DWR Awards $180 Million to Communities Statewide for Urban and Multibenefit Drought Relief Projects


An aerial drone view showing low water under the Enterprise Bridge at Lake Oroville with a water elevation of 743 feet on March 17, 2022.

An aerial drone view showing low water under the Enterprise Bridge at Lake Oroville with a water elevation of 743 feet on March 17, 2022.

SACRAMENTO, Calif. –The Department of Water Resources (DWR) announced its second phase of funding through the Urban and Multibenefit Drought Relief Grant program. The program will provide financial assistance to 62 projects throughout the state to tackle drought impacts on human health and safety, protect fish and wildlife resources, and support other public benefits, such as ecosystem improvements.

Of the $180 million in funding, half will support various types of water supply projects including groundwater, surface water, recycled water, and supply reliability. The other half of the awarded funds will finance projects focused on water conservation, groundwater recharge, water quality, and habitat restoration. Included in the awards are five projects benefiting Tribes and 38 projects benefitting underrepresented communities.

“With minimal precipitation and a depleting snowpack, our focus remains on helping our communities respond to ongoing drought conditions,” said DWR Director Karla Nemeth. “Infrastructure funding commitments like these grants and improvements to water use efficiency will provide for clean, reliable water supply even during severe droughts. All Californians must do their part by reducing water use to stretch those water supplies. We’re all in this together.”

Highlights of today’s awards include:

  • The City of Healdsburg in Sonoma County, which in 2021 cut their water use by 46.5 percent cumulative as compared to 2020, will receive over $7 million to add 4.5 miles to its distribution network and expand recycled water deliveries to increase water storage at Lake Mendocino and Lake Sonoma.
  • The Tahoe City Public Utility District in Placer County will receive $5 million to construct a new domestic drinking water treatment plant using Lake Tahoe surface water to supply water to an isolated part of its system. The project will start in 2022.
  • The Montague Water Conservation District in Humboldt County will receive $970,000 to line 6,000 feet of the district’s main canal to improve water supply reliability for agriculture, municipal users and enhance instream conditions to benefit salmonids. In exchange for reducing water loss from leaks, the district will permanently allocate the volume of water conserved for instream benefit. The public benefit will result in increased flows for fish and wildlife.
  • The Metropolitan Water District of Southern California will receive $2 million to conduct a regional turf replacement program which will provide significant water savings and reduce per capita demand necessary for future water supply reliability.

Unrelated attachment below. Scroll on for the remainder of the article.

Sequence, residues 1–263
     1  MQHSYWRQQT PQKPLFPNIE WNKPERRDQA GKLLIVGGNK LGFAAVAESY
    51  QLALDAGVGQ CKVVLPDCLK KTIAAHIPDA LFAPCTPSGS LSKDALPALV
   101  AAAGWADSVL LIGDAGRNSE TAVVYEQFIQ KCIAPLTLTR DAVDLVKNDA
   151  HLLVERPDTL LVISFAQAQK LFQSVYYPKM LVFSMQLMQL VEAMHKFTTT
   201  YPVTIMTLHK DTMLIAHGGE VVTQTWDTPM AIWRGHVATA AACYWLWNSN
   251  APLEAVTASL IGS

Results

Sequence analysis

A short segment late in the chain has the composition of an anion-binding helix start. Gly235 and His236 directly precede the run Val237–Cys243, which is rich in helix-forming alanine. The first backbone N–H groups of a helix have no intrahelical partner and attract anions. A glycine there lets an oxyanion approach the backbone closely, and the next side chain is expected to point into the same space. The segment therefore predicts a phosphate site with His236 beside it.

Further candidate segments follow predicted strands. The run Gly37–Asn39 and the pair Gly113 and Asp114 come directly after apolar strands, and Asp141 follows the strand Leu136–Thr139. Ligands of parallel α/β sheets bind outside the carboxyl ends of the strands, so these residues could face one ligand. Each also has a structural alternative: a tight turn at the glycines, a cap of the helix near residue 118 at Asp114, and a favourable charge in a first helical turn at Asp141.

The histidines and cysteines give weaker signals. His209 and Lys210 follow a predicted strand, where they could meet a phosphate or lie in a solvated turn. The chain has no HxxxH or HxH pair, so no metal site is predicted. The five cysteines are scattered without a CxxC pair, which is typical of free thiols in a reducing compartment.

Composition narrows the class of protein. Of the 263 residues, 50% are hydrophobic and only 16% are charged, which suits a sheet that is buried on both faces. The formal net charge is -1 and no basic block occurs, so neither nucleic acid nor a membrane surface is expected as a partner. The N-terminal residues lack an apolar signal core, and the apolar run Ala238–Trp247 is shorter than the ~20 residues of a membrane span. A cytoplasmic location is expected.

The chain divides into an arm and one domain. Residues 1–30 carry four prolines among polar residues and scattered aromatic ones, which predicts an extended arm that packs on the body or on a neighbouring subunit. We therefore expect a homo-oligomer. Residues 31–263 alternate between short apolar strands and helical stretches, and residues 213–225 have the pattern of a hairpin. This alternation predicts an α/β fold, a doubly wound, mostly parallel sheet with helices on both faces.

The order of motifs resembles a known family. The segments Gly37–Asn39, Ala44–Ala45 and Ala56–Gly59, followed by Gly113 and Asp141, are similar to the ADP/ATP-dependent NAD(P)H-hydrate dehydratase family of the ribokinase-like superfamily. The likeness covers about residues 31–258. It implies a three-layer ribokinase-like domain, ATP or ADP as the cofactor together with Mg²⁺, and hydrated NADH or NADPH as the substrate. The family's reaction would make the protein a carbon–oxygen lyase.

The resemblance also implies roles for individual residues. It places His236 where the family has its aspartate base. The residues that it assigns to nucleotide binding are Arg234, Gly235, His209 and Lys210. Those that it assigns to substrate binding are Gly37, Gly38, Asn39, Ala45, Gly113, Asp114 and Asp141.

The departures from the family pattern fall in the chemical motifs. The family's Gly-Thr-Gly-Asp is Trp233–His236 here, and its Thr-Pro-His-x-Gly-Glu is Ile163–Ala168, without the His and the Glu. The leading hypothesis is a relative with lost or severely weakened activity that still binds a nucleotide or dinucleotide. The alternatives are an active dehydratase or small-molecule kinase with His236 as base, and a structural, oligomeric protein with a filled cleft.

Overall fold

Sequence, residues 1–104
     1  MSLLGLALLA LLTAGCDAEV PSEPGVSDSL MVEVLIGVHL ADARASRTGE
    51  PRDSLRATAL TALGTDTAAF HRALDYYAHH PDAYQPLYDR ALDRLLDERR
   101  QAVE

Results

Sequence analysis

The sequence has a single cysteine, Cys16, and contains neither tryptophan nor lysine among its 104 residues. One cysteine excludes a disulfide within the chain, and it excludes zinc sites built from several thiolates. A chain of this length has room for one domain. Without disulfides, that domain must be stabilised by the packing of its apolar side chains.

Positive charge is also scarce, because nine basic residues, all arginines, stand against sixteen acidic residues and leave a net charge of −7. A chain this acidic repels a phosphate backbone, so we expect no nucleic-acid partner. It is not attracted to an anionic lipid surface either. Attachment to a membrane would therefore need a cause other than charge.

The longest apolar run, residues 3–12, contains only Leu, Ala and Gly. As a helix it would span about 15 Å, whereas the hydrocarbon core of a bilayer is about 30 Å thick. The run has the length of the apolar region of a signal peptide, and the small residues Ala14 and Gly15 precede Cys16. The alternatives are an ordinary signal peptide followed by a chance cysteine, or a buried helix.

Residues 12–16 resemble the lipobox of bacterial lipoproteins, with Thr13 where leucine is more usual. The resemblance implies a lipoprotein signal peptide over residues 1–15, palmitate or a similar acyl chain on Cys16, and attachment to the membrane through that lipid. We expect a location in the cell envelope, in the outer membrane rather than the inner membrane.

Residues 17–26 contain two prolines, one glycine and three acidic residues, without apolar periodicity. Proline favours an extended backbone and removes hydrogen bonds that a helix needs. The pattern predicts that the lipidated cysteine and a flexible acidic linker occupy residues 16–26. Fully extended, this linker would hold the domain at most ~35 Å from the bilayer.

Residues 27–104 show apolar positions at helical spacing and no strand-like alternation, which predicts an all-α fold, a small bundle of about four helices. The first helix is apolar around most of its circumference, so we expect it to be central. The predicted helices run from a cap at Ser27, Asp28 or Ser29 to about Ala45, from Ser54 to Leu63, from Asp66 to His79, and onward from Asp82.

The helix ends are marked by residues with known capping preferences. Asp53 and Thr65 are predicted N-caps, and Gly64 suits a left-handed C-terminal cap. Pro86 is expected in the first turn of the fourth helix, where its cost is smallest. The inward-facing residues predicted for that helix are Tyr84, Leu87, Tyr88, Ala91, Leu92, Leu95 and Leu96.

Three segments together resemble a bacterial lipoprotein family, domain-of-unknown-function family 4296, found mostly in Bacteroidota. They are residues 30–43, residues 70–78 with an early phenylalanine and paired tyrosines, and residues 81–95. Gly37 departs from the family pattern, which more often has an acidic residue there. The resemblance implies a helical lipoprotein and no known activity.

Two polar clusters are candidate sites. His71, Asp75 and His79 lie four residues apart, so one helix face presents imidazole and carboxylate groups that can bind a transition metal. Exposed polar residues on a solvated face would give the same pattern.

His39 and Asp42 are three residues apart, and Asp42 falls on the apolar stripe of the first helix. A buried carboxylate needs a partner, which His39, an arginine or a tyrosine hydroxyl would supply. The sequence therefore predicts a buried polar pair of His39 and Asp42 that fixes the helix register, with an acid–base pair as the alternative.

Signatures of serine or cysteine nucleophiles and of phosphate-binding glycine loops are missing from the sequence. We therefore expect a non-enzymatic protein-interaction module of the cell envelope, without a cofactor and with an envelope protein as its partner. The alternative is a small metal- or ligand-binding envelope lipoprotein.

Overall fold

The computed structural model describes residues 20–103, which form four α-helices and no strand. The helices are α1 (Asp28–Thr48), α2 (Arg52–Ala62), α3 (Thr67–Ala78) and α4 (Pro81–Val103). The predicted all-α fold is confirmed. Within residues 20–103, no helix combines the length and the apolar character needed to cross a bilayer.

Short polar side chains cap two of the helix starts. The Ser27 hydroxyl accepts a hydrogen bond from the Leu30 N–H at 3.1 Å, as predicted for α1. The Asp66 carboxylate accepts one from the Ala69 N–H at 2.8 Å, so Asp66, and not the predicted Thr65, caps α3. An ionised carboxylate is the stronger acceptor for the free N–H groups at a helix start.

• The Cachuma Operation and Maintenance Board in Santa Barbara County will receive $2.2 million to install a new pipeline to allow existing lake infrastructure access to deeper lake levels. The project is expected to start in June 2022.
  • The Santa Margarita Water District in Orange County will receive $4.5 million to construct a groundwater filtration plant and new pipelines to reduce the district’s dependency on imported water supplies. The project, which is already underway, will repurpose the existing recycled water pipelines to deliver potable water.
  • The Tuolumne Band of Me-Wuk Indians, via the Tuolumne Integrated Regional Water Management Authority in Stanislaus County, will receive $2.5 million to upgrade over 10,000 feet of existing water mainlines to deliver sufficient flow to tribal homes and fire hydrants on the Tuolumne Rancheria. The project will start in April and is expected to be completed in September 2022.
  • The El Toro Water District will receive $617,000 to rehabilitate their potable water reservoir, which is at high risk of failure due to leaks and impaired water quality. The project is set to start this month.
  • Kern County Water Agency’s Improvement District 4 will receive $3.5 million to line an existing earthen canal to reduce seepage and improve water delivery reliability. The project is anticipated to begin in May 2022.
  • The Antelope Valley-East Kern Water Agency will receive $5 million to construct the second phase of the South-North Intertie Pipeline and a new pump station to connect to water supplies and build drought resilience for many agricultural and municipal customers. The project is expected to start in May 2022.

Since launching the Urban and Multibenefit Drought Relief Grant program in October 2021, DWR has received over $1.4 billion in requests for projects. DWR will award a third phase of funding later this spring for approximately $30 million in remaining funds targeted to underrepresented communities and Tribes.

The Urban and Multibenefit Drought Relief program is just one of the many ways DWR is addressing drought impacts. Earlier this month, the Department announced nearly $50 million in funding through its Small Community Drought Relief program. View a full list of all drought relief projects funded by DWR to date. 

For information about other DWR and State drought response efforts and funding programs, visit: drought.ca.gov/.


Allison Armstrong, Information Officer, Public Affairs, Department of Water Resources

916-820-7652 | Allison.Armstrong@water.ca.gov